How has releasing this song affected your mood and your momentum going forward?

I think more than anything, it’s been interesting to think about when we wrote that song, and the time that we’re still in now, and just the need and importance of continuing to keep doing the work of supporting rights that people should have over their bodies and need to have over their bodies. That was true two or three years ago, and continues to be true. It’s like I said, that rage fatigue of every day there’s something new that comes up in the news, that it can be hard to keep going, but it’s just one more reason to keep fighting and to keep trying, and to keep feeling the rage in whatever quantity it arrives in.

Is there anything in particular that motivates you when you’re feeling that fatigue — if you’re performing this song over and over again and maybe it starts to lose its meaning to you, or you feel exhausted from channeling all of this — is there anything that motivates you or energizes you to keep going?

I feel like every time we play that song, or even other songs about other social issues we speak about — and we’ve played this song so many times now — but I feel like the audience always reacts to it in different ways, but people engage with it in a really great way. The “My body my choice” line, that’s often heard in protests or other things — people take that up and they recognize it and they hear it. Even though we sing it multiple times, at shows we sing it all the time, it’s great to have that crowd interaction and that crowd reaction.

I think that’s the same thing when it comes to keeping that rage going, or keeping some of that work going, is the way that we interact with others in the community. You can stand there and yell or scream or sing, but it has to do with the community around you as well, and that’s the energy that we get when we perform it. When we put out the track, the response has been really positive, of people really wanting to participate.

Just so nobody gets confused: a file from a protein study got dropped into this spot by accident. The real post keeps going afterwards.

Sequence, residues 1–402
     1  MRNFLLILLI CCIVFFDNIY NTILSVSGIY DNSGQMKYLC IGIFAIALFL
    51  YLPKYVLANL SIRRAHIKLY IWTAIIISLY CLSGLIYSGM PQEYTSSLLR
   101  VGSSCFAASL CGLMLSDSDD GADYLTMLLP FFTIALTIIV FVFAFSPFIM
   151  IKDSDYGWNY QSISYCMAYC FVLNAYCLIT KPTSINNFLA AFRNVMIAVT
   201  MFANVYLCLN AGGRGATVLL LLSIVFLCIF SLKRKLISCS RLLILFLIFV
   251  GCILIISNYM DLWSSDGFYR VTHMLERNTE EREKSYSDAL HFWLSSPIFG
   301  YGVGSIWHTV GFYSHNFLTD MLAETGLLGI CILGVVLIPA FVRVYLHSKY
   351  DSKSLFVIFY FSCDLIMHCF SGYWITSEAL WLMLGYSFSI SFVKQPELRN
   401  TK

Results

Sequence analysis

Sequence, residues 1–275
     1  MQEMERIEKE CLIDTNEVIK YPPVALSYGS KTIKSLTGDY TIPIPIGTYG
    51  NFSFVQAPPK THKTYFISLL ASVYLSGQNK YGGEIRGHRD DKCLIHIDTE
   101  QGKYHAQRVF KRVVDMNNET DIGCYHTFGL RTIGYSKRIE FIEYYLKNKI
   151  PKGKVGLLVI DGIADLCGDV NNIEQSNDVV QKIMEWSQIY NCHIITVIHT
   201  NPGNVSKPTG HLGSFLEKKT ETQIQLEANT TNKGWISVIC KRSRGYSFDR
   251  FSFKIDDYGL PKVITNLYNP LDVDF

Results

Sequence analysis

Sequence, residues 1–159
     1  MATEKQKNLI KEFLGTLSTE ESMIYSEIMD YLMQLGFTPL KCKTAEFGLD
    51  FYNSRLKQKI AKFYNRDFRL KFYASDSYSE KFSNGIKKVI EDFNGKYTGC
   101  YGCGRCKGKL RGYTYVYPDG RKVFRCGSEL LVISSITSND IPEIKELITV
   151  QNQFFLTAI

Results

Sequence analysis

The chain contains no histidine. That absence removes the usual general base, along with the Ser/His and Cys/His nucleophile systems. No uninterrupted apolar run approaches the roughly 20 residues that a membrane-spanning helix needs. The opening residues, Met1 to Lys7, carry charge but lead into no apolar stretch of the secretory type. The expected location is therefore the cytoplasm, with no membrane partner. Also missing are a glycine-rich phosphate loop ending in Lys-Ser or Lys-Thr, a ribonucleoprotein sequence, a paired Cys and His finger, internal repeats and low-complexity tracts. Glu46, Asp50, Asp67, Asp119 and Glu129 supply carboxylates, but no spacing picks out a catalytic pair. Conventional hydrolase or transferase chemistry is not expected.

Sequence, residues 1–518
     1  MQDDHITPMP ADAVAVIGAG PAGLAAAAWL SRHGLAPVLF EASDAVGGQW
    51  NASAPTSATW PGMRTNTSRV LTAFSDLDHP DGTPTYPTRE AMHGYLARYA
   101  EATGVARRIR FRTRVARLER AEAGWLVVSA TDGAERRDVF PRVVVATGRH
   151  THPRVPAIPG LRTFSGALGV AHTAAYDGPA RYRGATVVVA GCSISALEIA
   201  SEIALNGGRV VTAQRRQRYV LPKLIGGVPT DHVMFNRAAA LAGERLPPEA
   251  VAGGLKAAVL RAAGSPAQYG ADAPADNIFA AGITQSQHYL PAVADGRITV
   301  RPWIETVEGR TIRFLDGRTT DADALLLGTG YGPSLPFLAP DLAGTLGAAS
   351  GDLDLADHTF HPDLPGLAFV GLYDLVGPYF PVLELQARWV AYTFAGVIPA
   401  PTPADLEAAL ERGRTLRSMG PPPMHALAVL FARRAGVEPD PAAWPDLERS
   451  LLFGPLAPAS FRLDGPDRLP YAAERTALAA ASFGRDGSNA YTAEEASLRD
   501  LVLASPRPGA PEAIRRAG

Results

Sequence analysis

I think that ties into donating the proceeds; that the more actions you tie to one another, the more momentum you can build, and the more people you can bring in, the more energy keeps building and building.

People have been so generous when they’ve downloaded the song. We put a $2 suggested download rate on it, but people have paid upwards of $20 and $30 to download one song, because they know that those proceeds are going to go to support the funds for abortion. That’s been really encouraging — and no matter the dollar amount of course — but just that it’s resonating with people in a way that feels big.


You can stream and download “MBMC” on Bandcamp. All proceeds from downloads go to the National Network of Abortion Funds.